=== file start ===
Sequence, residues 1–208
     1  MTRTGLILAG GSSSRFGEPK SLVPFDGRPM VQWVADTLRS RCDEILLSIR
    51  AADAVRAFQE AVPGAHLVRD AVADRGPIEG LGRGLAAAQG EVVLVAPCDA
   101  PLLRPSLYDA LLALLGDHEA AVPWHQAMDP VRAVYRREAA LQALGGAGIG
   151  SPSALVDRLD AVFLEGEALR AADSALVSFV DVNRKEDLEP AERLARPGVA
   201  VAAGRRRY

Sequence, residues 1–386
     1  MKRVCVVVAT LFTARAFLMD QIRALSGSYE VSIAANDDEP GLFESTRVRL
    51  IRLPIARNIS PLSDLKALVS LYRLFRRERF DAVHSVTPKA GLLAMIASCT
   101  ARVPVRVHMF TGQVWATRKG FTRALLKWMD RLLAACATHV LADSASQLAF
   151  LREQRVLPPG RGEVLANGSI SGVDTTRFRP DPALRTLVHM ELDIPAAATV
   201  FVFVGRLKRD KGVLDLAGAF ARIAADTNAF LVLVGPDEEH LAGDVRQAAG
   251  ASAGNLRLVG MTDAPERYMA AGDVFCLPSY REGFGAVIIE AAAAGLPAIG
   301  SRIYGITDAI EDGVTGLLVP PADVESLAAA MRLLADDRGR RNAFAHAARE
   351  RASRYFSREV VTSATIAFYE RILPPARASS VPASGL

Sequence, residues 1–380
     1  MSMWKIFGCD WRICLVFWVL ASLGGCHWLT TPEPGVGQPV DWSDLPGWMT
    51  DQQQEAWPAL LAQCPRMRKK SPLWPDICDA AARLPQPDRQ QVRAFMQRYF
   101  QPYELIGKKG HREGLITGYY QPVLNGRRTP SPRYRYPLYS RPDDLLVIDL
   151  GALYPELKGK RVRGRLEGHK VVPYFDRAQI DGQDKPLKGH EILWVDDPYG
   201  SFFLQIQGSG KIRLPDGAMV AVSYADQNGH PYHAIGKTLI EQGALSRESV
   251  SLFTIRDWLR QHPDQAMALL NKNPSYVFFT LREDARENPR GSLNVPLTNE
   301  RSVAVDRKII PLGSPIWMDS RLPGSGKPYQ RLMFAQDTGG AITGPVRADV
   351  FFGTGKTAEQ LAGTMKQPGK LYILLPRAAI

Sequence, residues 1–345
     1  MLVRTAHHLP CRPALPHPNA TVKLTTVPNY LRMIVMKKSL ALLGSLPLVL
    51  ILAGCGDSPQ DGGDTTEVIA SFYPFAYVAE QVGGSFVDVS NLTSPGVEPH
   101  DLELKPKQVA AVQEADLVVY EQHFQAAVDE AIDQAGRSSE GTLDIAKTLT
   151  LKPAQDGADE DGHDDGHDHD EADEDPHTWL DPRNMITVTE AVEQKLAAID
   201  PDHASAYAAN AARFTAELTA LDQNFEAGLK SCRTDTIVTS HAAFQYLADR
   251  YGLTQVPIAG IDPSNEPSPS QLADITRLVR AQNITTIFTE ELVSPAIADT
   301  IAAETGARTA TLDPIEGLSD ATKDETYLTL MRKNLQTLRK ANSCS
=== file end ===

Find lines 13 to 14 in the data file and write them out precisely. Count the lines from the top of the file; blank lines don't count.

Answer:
   251  ASAGNLRLVG MTDAPERYMA AGDVFCLPSY REGFGAVIIE AAAAGLPAIG
   301  SRIYGITDAI EDGVTGLLVP PADVESLAAA MRLLADDRGR RNAFAHAARE